Can’t hold it like you used to? Urine luck!

You are a warrior. You endured menses, with cramps cramping your style through all the high school fads. After you bear your children powering through the most excruciating pain, sometimes up to days at a time; you provide for them, nurture them, raise them, until you reach menopause. Just when you think the fun is over as you’re over the hill, your friend tells a funny joke and it’s so funny you literally pee yourself. Only, it’s not so funny anymore and you realize that when you cough, sneeze, laugh, you are having increasing leakage issues. Thanks to advancements in surgical technology, fixing symptoms of pelvic organ prolapse are less invasive than ever–with effective results.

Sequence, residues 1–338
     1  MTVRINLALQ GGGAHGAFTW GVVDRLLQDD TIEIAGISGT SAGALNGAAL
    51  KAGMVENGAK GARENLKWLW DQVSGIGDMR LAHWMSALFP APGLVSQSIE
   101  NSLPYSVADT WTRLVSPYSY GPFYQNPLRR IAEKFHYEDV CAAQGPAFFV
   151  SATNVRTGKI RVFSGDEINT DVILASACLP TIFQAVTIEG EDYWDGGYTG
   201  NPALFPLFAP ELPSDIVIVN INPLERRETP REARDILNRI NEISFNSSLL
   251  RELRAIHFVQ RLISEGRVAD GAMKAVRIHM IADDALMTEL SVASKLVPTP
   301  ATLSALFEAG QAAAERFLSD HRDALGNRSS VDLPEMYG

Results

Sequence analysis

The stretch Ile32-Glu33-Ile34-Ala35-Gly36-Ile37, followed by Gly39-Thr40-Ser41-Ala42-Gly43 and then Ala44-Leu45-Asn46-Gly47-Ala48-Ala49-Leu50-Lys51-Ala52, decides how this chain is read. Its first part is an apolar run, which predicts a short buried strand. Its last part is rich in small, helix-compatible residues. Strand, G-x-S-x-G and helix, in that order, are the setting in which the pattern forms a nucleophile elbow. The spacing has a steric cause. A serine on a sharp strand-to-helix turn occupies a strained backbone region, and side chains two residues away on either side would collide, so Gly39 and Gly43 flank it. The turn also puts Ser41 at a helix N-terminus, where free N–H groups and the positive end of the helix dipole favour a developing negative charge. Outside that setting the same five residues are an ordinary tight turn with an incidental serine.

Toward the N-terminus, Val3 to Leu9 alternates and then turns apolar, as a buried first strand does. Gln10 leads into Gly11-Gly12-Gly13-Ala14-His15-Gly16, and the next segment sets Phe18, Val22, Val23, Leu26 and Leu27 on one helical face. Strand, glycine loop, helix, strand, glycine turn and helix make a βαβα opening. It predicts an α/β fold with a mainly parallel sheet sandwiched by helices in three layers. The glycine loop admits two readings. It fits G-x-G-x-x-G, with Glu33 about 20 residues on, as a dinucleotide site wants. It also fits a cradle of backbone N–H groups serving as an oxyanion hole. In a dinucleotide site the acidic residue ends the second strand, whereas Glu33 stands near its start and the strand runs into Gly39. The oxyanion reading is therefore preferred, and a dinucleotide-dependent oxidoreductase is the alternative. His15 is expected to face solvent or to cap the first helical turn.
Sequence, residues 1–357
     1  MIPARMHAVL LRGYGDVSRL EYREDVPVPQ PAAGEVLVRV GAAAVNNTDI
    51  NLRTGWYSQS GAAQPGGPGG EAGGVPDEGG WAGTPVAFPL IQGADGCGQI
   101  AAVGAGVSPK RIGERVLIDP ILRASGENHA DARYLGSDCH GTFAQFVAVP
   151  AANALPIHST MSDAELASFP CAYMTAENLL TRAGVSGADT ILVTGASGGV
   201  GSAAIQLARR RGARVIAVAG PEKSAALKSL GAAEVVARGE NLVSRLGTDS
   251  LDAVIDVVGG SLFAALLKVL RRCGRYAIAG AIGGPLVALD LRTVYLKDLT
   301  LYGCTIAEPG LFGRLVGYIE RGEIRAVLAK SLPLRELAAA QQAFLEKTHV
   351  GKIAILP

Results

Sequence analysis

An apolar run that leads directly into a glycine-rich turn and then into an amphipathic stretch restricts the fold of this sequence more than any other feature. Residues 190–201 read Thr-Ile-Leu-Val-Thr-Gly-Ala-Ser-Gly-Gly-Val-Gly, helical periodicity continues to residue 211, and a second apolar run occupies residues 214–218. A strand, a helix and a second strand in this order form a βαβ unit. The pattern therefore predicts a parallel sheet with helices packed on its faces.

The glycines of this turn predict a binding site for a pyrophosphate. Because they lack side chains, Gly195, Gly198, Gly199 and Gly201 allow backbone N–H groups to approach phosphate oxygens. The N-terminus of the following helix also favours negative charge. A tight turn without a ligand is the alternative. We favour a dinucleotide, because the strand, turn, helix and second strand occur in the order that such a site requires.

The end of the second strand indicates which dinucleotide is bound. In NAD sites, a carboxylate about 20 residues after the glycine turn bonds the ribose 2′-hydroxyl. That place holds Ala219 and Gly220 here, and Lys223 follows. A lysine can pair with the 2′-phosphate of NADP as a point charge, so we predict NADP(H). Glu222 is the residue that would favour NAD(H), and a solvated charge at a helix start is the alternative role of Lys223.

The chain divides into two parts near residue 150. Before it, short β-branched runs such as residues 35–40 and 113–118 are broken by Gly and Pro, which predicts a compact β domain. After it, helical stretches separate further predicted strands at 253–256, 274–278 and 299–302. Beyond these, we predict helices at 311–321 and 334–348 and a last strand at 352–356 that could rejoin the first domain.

What is a Laparoscopic Sacro-Colpopexy?

First, let’s break down the words. Laparoscopic, or laparoscope is a thin, lighted tube put through an incision in the belly to look at the abdominal organs or the female pelvic organs. Sacr/o is the medical term relating to the sacrum, or the triangular bone situated between two hipbones of the pelvis. A colpopexy is a surgical technique to join the vaginal canal through a suture to the abdominal wall.

How does it work?

Using soft mesh materials sutured to the vaginal wall and attached to the sacrum, the vagina is re-positioned back over the top of the pelvic floor muscles and prevented from sliding out by the newly formed meshwork.

Am I a candidate?

If you are having problems with pelvic organ prolapse you should seek an appointment with our providers to be evaluated. Other symptoms may include feeling a presence in your vaginal canal with movement or certain positions.

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